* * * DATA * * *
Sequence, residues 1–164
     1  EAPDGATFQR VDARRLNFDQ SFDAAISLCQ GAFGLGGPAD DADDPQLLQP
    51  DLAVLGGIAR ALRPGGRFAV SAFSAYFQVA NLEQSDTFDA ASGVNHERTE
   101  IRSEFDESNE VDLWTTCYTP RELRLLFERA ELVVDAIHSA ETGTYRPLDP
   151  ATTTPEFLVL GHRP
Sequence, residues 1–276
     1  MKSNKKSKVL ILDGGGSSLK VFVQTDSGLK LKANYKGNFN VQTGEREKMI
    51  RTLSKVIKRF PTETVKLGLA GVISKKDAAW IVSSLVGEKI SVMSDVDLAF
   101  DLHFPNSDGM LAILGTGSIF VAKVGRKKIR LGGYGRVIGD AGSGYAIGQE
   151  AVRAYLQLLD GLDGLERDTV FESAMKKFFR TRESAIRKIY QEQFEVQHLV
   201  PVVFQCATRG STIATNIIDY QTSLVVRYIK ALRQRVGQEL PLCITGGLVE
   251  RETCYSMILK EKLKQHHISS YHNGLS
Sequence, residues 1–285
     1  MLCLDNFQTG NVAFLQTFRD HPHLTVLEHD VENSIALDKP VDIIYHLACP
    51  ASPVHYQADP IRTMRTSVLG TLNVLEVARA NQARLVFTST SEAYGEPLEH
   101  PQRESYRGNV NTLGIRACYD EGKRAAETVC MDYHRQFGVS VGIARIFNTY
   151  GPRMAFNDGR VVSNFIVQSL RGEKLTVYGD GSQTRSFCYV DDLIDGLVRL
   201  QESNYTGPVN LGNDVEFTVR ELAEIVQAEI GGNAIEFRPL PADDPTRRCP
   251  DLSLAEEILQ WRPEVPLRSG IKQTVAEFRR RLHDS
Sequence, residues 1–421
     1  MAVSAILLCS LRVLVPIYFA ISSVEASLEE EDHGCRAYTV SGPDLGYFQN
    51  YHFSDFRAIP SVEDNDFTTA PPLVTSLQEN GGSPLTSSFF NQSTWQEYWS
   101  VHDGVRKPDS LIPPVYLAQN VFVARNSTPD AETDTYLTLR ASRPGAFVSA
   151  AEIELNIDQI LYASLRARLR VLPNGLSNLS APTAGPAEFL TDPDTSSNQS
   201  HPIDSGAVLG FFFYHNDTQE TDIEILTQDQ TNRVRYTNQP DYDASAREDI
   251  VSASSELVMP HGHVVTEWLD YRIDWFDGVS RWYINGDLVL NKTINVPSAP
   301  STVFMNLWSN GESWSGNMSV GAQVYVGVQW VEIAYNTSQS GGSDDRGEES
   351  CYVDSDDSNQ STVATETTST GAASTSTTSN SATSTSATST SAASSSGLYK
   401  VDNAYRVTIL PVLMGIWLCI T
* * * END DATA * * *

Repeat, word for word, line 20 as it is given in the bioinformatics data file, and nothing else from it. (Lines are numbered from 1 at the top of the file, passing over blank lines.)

Sequence, residues 1–421